Pisces is the flagship of HNA’s boats, with an awful lot of history to tell. She’s our fully-traditional ex-working boat, with the engine between the steerer’s cabin and the rest of the boat. Originally, a family of upto five people would live in the small space which is today the steerer’s cabin – the rest of the boat forward of the engine would have been used for carrying cargo.
Fully refurbished by HNA, she now sleeps ten people plus a steerer, has two toilets and a shower on board, as well as a fully-fitted kitchen with full-size gas cooker, hot and cold running water, and fridge.
Pisces’ rear cabin is set in the traditional style, with a steerer’s bunk (and storage underneath) and a fully-working range for those cold winter nights or early morning breakfasts.
Moving forward is the engine room. Note that all hot or moving parts are protected, so whilst noisy, it’s perfectly safe to walk through whilst operational.
Next to the engine room is a small lobby with exits to either side of the boat, followed by a four-berth cabin.
Past the cabin are a toilet and shower on one side, with another toilet on the opposite side. Moving forward further still, is the galley area with ample worktop space.
The saloon area has seating along both sides of the boat, and removable tables in-between.
Finally, at the front of the boat is another four-berth cabin.
For a little on the history of Pisces’ refurbishment, read on…
Dave said to me, ‘’Have a look under the side bed.’’
I did and stifled a sharp intake of breath. Where there should have been plenty of metalwork, there was none-or what little there was consisted of rust held together with ferric oxide!
As for the woodwork, it was a miracle that it stood our weight!
We were in the back cabin of the narrowboat Pisces, one of Hillingdon Narrowboats Association’s mini fleet that, over the years, had taken many community groups onto the water, quite often for their first experience of the inland waterways. These groups could be children, older people, scouts, people with disabilities physical or mental – in fact any group that wanted to experience boating without too many waves.
Pisces, a Star-Class Middle Northwich craft built in Northwich, Cheshire in 1935, began her working life as a general carrier, with loads such as wood, coal, steel – indeed any bulk loads that needed transporting from one place to another.
During World War 2 Pisces gave valiant service in London’s docks, acting as a fireboat to dowse the cargo ships set alight by German bombers, thus helping to keep Britain’s vital supply lines open. In the post-war years she was adopted by British Waterways Board who ran her until the 60s, by which time she had acquired a cabin & the loads had changed from inanimate cargo to ones of a human nature – a camping boat.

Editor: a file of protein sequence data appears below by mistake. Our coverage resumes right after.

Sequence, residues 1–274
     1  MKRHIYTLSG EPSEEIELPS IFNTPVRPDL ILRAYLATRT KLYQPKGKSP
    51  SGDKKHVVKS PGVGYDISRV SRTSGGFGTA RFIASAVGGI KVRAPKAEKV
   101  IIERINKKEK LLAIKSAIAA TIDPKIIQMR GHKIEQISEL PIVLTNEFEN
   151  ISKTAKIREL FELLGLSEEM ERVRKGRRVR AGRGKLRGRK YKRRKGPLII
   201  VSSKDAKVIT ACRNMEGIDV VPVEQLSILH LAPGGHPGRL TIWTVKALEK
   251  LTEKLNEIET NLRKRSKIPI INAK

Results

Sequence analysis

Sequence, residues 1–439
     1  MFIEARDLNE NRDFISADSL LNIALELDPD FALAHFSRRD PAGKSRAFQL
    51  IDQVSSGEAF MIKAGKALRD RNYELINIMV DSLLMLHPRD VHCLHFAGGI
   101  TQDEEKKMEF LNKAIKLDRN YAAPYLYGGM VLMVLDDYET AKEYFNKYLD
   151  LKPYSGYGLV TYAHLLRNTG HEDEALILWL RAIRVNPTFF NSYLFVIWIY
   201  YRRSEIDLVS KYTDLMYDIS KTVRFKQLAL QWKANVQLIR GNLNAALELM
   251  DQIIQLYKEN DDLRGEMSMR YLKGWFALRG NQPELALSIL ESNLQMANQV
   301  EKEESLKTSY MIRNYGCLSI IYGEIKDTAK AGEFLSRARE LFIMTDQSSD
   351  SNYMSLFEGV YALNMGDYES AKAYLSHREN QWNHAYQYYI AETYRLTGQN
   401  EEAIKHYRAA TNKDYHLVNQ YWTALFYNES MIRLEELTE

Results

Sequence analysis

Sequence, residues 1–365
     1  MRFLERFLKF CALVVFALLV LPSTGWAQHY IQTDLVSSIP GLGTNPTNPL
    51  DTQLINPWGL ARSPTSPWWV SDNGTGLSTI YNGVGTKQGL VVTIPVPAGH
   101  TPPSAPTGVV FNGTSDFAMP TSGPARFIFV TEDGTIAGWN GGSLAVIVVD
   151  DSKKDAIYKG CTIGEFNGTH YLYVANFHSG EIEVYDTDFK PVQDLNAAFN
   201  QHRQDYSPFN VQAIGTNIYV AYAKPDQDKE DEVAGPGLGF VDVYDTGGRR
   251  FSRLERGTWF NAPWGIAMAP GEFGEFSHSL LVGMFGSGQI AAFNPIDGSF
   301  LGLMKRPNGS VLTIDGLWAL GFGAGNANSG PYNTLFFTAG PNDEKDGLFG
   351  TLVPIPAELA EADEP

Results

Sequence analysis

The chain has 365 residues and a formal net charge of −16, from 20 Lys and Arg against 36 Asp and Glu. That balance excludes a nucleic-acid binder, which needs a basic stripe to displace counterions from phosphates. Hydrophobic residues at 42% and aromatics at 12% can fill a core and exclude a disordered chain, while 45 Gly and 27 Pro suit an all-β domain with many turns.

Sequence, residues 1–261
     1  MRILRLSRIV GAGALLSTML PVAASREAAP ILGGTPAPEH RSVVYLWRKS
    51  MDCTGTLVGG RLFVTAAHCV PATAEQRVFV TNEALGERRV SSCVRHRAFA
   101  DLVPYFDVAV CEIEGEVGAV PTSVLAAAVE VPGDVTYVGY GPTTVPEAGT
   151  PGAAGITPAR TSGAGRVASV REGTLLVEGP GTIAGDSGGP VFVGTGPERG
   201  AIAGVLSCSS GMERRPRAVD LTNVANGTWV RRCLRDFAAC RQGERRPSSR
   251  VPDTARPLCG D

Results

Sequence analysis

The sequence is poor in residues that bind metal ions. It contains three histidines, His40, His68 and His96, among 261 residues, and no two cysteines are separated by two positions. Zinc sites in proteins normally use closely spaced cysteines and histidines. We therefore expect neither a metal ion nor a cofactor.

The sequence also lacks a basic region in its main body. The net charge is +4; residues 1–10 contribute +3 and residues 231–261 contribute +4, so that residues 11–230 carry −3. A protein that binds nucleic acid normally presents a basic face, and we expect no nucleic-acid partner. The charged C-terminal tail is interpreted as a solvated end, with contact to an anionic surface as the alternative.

Enter Hillingdon Council, they purchased Pisces to enable trips to be made on the canals by community groups, as stated above.
To try and calculate the number of persons that have been on Pisces trips since those early years is almost an impossibility, but it’s safe-to-say that she engendered a faithful following as, over the years, many customers have commented to us that they have fond memories of their trips aboard her. So successful was she that, to keep up with demand from the youth service, another two boats were built, Gemini #1 and Gemini #2.
The boats were moored in Cowley, some 150 yards above Cowley Lock for many years until the purpose-built HQ at Summerhouse Lane in Harefield materialised. Gemini #1 and #2 were sold to finance the building and purchase of Hillingdon Star, so Pisces and Star made the journey from Cowley to Harefield to start a new life further north, almost at the very edge of the western conurbation of London.
Fifty years of continuous service thus brought the traditional back-cabin to the parlous state that Dave and I saw that day back in summer 2009 when we realised that there was an urgency for Pisces to undergo a major portion of TLC – ASAP!
A working party was arranged by the volunteers, both young & old, to assemble post-haste one Saturday morning armed with angle-grinders, hammers, bolsters & plenty of elbow grease, to attack the deteriorating conditions found under the bed & floorboards before they became impossible to deal with.
All through that day, a cacophony of noise emanated from the boat, various people in various degrees of filthy appearance, crowded into Pisces rear &, at the day’s end, the cabin interior was totally gutted & prepared – it was obvious that a great deal of welding was necessary and Tim Wood stepped into the breach. The welding being completed, the gutted back cabin received several coats of red oxide prior to it being spray-foamed. A ply floor was then put in place with the walls being lined with tongue and groove planking. A temporary bed was installed to enable an impatient group to take the boat out that evening! Pisces remained in this condition for some time due to a lack of funds. Project Manager Dave Wright had applied to the Masonic Province Of Middlesex Charitable Trust for a new coal range and £2,000 was granted for the purchase and fitting. However, before this installation, the back cabin had to be completed, and funds being not forthcoming, once again Dave returned to the Masons for help.
A further £2,000 was quickly made available which enabled Dave and others to rebuild the back cabin along traditional lines. Samantha Noon, a well-known canal boat painter and artist volunteered to decorate her in the accepted historic style – scumbled planking and traditional ‘roses and castles’ decorations. New bedding and cushions were made and at last, our coal-range could be fitted!
By Barry Holland written for The Middlesex Mercury the Freemasons magazine